Wednesday, July 7, 2010

Batman and Robin 13

The story in Batman and Robin #13-#15 is the sequel to 2008's Batman, R.I.P. Now as then, a chess match between Doctor Hurt and Batman has moved past the opening and the midgame and on to the endgame. But this isn't Bruce Wayne -- it's Dick Grayson. Bruce, we ultimately found out, was prepared for Hurt all along. He was playing a bigger game. Dick Grayson comes into this conflict at a disadvantage. He doesn't know what Hurt's scheme is. He's figuring it out in parts as the situation comes to a boil. Just as he figures out what danger Gotham City is in, he is personally overwhelmed by Doctor Hurt's forces and subdued. Then shot in the head. But that hasn't happened yet. It will happen three days from now.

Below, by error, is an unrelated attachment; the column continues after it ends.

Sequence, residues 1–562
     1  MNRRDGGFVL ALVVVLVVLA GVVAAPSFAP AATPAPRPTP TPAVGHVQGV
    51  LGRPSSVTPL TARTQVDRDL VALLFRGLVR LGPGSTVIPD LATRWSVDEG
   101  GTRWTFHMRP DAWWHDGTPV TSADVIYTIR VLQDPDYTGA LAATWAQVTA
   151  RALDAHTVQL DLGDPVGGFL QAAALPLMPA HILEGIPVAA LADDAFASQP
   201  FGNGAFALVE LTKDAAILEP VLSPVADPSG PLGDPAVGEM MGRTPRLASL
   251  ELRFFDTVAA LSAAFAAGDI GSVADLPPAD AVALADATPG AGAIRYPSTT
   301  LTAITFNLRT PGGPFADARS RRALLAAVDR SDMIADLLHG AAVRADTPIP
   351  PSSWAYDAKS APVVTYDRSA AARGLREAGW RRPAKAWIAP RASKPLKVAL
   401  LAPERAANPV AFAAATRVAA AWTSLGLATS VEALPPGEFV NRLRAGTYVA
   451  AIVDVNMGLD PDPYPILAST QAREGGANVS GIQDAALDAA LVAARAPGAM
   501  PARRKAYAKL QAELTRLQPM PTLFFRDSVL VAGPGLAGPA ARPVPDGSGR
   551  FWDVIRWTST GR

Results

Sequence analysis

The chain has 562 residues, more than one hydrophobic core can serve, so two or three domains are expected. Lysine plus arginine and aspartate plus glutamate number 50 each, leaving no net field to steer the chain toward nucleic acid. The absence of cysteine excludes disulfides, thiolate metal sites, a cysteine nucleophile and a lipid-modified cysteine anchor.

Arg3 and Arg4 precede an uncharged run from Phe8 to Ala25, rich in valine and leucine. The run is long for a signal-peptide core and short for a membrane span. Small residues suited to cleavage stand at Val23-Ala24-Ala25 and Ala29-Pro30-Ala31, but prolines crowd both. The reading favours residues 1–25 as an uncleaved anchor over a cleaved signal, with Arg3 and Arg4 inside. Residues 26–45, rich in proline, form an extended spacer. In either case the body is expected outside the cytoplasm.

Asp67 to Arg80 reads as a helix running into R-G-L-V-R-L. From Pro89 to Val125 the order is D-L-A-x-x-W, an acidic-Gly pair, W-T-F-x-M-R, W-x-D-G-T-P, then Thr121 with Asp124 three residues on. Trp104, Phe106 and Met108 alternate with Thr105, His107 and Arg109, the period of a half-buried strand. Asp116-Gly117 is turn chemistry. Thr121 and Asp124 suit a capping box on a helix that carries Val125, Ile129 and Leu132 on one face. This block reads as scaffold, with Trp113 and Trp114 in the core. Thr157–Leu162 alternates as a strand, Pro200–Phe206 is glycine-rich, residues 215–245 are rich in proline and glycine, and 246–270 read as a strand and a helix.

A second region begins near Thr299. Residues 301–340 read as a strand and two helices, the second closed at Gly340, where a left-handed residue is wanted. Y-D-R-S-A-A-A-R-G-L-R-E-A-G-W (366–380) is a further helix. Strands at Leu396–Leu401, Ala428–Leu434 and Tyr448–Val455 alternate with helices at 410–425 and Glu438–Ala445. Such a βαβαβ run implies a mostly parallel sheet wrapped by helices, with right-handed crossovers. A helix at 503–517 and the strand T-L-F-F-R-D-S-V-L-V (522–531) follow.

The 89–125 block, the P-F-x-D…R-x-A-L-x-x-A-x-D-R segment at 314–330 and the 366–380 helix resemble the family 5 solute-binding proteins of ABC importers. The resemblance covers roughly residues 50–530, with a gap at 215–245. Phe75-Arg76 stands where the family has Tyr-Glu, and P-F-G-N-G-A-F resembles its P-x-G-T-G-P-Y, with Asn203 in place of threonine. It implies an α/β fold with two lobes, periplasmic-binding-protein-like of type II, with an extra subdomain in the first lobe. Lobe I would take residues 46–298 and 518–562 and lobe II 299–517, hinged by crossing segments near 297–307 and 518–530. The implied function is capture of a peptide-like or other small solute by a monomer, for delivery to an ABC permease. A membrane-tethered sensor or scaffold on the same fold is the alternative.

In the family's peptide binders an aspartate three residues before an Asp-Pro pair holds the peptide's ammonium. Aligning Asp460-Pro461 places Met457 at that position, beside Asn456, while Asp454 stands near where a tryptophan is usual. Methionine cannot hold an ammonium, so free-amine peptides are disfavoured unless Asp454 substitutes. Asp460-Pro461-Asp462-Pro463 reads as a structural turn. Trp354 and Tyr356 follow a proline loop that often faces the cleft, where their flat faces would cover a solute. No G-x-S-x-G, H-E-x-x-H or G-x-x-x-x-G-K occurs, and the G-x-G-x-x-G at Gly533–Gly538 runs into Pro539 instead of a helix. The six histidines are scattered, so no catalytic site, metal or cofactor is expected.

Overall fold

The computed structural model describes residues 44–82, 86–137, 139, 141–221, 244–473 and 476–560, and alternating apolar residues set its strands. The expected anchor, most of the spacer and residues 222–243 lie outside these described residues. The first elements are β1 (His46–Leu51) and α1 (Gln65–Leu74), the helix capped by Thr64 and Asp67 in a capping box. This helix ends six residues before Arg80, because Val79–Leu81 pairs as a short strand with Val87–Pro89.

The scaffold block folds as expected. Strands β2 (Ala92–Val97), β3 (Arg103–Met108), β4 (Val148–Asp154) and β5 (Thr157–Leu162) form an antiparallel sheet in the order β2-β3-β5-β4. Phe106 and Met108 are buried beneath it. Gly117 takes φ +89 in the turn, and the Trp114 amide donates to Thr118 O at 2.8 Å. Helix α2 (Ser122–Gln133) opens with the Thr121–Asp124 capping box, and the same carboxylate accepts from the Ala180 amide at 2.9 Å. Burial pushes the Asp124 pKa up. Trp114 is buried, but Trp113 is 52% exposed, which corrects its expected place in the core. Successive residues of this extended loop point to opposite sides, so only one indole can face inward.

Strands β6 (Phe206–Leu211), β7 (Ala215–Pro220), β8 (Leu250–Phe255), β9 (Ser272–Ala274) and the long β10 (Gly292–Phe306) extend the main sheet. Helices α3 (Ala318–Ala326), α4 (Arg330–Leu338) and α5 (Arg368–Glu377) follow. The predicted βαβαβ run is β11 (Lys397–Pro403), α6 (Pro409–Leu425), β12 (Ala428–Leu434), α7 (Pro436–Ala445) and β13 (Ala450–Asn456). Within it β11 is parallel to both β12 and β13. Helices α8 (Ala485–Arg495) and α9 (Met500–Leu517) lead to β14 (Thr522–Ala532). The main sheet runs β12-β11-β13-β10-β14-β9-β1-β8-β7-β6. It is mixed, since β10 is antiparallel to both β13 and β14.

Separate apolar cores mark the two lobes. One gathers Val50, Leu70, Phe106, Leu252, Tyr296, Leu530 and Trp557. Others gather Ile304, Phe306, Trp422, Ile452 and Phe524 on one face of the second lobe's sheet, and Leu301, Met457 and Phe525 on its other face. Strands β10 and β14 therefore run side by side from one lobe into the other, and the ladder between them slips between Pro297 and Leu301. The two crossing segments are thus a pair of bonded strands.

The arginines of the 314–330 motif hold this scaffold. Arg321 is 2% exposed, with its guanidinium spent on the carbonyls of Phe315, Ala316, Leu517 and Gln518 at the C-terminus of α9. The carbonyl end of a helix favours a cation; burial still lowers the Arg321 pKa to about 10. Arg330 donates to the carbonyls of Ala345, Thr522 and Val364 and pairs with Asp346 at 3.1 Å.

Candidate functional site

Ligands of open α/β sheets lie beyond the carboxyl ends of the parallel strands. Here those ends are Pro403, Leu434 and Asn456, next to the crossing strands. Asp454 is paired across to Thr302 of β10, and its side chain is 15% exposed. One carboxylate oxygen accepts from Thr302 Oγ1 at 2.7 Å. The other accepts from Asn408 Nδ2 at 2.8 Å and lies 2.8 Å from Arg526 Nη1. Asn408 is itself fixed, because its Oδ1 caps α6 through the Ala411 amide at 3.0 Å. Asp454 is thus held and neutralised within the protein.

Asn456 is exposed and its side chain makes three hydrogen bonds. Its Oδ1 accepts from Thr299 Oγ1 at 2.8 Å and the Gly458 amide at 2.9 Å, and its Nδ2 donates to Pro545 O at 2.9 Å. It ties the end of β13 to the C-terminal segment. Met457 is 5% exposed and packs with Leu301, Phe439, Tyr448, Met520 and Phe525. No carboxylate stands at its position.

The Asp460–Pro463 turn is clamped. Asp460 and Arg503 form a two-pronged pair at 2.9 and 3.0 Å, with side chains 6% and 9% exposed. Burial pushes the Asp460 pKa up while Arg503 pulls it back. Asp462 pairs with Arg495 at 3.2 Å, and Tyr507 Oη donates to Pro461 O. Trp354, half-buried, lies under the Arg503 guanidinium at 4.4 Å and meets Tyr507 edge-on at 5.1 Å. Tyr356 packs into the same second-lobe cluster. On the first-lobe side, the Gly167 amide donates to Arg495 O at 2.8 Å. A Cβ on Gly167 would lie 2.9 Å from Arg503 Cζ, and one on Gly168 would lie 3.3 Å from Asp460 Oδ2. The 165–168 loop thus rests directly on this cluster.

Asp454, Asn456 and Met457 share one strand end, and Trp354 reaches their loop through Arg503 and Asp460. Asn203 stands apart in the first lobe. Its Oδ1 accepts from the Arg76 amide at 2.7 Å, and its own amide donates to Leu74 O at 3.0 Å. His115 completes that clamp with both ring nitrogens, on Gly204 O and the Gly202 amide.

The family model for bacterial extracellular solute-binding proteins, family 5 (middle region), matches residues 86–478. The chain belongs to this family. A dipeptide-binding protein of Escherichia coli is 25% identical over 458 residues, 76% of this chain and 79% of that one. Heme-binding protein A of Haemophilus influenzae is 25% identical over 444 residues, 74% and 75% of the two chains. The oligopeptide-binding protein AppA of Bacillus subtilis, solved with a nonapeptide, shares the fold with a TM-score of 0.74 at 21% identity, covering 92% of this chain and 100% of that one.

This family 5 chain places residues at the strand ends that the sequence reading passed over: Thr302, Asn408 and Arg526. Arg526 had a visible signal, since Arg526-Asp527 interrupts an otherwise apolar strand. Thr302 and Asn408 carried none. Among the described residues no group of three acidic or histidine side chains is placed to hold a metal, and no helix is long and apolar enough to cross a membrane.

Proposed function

Batman and Robin #13 is told in three different timeframes. The first to appear in the comic is the past, but it's a past that could not have been real. In two and a half of the most blood-curdling pages in Batman's history, we see Thomas Wayne gleefully celebrate the deaths of Martha and his son Bruce, contract killings that he had arranged. Then he goes on to a life of utter decadence, painted more than adequately in a single wordless panel -- in RIP's red and black -- showing an orgy, reminiscent of "Eyes Wide Shut", with "Wayne" in the bat-mask from Detective #235, and RIP, and all of Hurt's most recent appearances. Echoing a gesture from RIP, Wayne/Hurt pours champagne on one of several crazed participants in the throes of sexual depravity. The masks on the attendees depict various demons and animals, including the pig mask we have seen, and see again in this issue, on Professor Pyg. It should be noted that the direction of Thomas' parted hair reverses in precisely that panel. It switches to the part that Simon Hurt has always worn.